Over a decade after the fall of the Qaddafi regime, Libya’s path toward peace and reconstruction remains deadlocked. Competition between the two rival governments drives violent conflict and deteriorates Libya’s security, economic and human rights conditions. USIP works alongside local, national and international partners to support Libyans as they promote stability and reconciliation in the country. Since 2011, the Institute has engaged at the community and national level to strengthen the rule of law, bridge social cleavages through dialogue, and support reconciliation. USIP also has reported on key factors contributing to fragility in Libya, including youth grievances and justice and security issues.
Learn more in USIP’s fact sheet on The Current Situation in Libya.
Over the past several years, even as fighting continued in other parts of Libya, civic activists in the strategically important town of Ubari and the Fezzan region worked to build peace with support from USIP. This video tells that story and the recent inauguration of a reconstructed central marketplace that has always been a core of the city’s life and economy. This was made possible through collaborative efforts between USIP, the World Food Programme, and local organizations.
Libya Can Move Past Its Political Deadlock, But It Will Take Work to Maintain A ‘Deal’
Since 2012, multiple failed political transitions have taken their toll on the Libyan people. The continued and increasingly complex internal divisions and external vectors affecting Libya threaten to send it into another spiral of crisis and violence. Local and national leaders working in good faith to stabilize the country have inevitably grown cynical as ruling elites and their international partners fail to deliver local security and good governance.
Beyond Elections: Libya Needs Unified Institutions and Reconciliation
Last week, the U.N. Security Council met to discuss its Libya mission and its new plan to end the country’s political impasse through elections. While credible polls will be a critical step in forging a path to peace, they are not a panacea for addressing this byzantine conflict’s deeply rooted drivers and the intense, bitter rivalries and factionalism that have surfaced since 2011. Indeed, previous efforts to hold elections have buckled under the weight of the intricate dynamics at play. Over a decade after the fall of Muammar Qaddafi, resolving Libya's complex conflict will require a multifaceted approach that prioritizes building trust among Libyans.
For Libyans, Elections Are Just Part of the Path to Peace
In mid-March, a delegation of prominent Libyans traveled to Washington carrying an important message: a new U.N. initiative focused on holding elections is welcome but it must be part of a bigger, comprehensive reconciliation effort to bring peace and stability to Libya. According to the deputy head of Libya’s Presidential Council, Abdullah Al-Lafi, reconciliation — and elections — can only be achieved by Libyans themselves. In Washington, Al-Lafi and the members of his delegation presented their own initiative for a national reconciliation project in order to create a Libyan-led process that complements the plan for elections proposed by U.N. Special Representative of the Secretary-General for Libya Abdoulaye Bathily.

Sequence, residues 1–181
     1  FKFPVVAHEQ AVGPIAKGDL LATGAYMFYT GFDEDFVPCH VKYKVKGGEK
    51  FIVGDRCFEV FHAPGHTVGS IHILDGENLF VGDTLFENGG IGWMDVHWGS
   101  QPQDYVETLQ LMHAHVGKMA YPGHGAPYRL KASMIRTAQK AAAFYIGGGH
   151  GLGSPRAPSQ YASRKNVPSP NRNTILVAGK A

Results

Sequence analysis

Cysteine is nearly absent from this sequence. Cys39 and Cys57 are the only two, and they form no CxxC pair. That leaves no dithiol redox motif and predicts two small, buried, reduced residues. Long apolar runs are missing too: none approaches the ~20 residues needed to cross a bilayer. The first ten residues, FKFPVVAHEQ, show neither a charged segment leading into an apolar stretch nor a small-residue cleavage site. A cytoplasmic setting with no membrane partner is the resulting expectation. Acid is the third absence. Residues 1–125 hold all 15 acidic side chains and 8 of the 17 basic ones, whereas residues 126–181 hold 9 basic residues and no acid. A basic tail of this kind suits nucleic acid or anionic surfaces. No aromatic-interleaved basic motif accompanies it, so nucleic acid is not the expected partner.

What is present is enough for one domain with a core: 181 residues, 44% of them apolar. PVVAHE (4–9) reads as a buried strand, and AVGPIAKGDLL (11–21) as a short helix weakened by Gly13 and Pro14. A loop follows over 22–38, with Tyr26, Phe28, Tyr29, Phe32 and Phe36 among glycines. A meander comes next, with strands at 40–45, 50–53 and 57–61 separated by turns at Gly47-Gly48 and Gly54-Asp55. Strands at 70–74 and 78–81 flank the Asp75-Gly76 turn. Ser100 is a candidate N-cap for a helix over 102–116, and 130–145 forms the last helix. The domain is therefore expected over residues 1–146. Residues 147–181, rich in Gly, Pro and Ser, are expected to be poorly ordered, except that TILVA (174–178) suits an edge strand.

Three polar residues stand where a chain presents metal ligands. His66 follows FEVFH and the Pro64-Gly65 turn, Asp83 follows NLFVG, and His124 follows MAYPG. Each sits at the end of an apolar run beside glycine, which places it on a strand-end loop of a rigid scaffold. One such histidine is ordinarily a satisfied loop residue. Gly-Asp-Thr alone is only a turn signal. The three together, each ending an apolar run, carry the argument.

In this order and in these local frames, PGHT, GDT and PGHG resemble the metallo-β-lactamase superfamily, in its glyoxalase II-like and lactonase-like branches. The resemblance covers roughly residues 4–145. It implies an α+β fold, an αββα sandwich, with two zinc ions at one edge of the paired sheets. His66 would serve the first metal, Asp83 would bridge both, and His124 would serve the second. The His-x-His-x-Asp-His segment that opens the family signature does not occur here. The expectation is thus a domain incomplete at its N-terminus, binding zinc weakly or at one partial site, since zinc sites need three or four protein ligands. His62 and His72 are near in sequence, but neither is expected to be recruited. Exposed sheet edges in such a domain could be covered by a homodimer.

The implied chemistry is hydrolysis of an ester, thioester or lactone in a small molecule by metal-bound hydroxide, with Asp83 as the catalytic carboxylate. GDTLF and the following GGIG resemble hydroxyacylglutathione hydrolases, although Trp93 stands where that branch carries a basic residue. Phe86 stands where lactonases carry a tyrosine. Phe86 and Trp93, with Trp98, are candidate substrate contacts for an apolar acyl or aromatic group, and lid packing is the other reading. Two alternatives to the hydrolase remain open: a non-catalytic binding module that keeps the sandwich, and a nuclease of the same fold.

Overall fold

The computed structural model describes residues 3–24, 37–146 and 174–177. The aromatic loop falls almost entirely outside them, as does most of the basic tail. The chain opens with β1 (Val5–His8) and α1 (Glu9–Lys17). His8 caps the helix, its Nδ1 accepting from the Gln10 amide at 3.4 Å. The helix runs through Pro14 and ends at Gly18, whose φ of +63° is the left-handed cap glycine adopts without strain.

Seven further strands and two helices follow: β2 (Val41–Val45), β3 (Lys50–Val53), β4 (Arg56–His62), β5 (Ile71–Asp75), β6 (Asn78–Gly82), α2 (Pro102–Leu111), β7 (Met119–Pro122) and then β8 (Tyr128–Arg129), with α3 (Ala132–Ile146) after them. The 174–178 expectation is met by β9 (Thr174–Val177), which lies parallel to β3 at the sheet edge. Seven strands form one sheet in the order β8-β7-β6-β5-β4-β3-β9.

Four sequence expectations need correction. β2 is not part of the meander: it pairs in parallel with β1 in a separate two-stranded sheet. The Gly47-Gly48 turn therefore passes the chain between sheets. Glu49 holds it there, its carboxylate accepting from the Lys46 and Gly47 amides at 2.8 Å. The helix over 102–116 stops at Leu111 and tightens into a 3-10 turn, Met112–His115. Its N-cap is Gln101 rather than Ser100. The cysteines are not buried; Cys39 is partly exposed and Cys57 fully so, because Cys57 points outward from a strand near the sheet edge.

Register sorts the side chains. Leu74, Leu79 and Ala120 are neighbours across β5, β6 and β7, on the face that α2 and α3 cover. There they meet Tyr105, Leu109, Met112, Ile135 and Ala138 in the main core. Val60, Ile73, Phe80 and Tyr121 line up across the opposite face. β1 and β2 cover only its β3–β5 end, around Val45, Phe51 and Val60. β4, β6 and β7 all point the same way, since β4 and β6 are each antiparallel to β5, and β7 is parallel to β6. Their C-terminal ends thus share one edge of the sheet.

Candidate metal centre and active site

Fragility and Conflict
The Global Fragility Act (GFA) is an ambitious law that makes preventing conflicts and promoting stability in countries prone to conflict a U.S. foreign policy priority. Following years of efforts that overemphasized military operations in response to extremist violence and insurgencies, the GFA requires a long-term investment to address the underlying drivers of conflict. The Biden administration has released a new strategy to implement the GFA with 10-year commitments of assistance to a group of fragile states. The GFA and the new strategy rely, in part, on recommendations made by the USIP-convened Task Force on Extremism in Fragile States.
Religious Women Negotiating on the Frontlines
In recent years, peace processes — such as the track 2 intra-Afghan negotiations — have shown that on both a moral and practical level, women’s inclusion is essential. Women’s involvement in peace processes increases their likelihood of success and longevity and can increase legitimacy. While more literature on women contributing to mediation and negotiation efforts is slowly being produced, little attention is currently being paid to the already existing work of women who employ their faith and mobilize religious resources for peacebuilding.
Religious Landscape Mapping in Conflict-Affected States
Diplomats and peace practitioners often cite lack of familiarity with the religious landscape as a barrier to their engagement of religious actors. In 2013, USIP launched an initiative to address this need by developing a methodology for systematically mapping and assessing the religious sector’s influence on conflict and peace dynamics in discrete conflict settings. These mappings, which have been done or are underway in Libya, South Sudan, Iraq and Burma, help illuminate recommendations for effective partnerships within the religious sector for peacebuilding.